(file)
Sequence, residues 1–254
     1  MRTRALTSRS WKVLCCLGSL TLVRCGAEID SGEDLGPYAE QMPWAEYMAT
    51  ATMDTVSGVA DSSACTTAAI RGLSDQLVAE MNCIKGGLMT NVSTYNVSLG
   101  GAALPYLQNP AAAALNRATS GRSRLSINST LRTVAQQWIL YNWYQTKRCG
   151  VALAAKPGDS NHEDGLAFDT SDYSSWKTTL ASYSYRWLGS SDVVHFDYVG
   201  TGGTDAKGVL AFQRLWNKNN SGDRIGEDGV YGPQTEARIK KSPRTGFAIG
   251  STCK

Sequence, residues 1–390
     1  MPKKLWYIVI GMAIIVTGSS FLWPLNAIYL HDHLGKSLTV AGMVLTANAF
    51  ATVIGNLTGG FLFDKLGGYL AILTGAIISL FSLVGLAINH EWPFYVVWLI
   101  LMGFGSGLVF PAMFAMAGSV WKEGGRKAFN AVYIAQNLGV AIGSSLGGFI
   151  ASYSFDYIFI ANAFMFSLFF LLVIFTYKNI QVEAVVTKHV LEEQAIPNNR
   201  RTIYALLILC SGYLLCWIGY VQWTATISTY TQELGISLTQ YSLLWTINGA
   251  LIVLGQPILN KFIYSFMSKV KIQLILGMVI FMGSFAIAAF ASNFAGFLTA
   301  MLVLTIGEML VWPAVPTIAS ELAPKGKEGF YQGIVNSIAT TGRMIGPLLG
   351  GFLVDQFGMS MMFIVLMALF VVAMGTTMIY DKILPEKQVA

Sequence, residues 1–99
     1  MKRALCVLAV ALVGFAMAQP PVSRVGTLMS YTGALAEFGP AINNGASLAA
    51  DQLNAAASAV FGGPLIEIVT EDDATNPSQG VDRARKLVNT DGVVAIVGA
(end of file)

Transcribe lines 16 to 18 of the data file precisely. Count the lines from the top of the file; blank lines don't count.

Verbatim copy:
   351  GFLVDQFGMS MMFIVLMALF VVAMGTTMIY DKILPEKQVA

Sequence, residues 1–99
     1  MKRALCVLAV ALVGFAMAQP PVSRVGTLMS YTGALAEFGP AINNGASLAA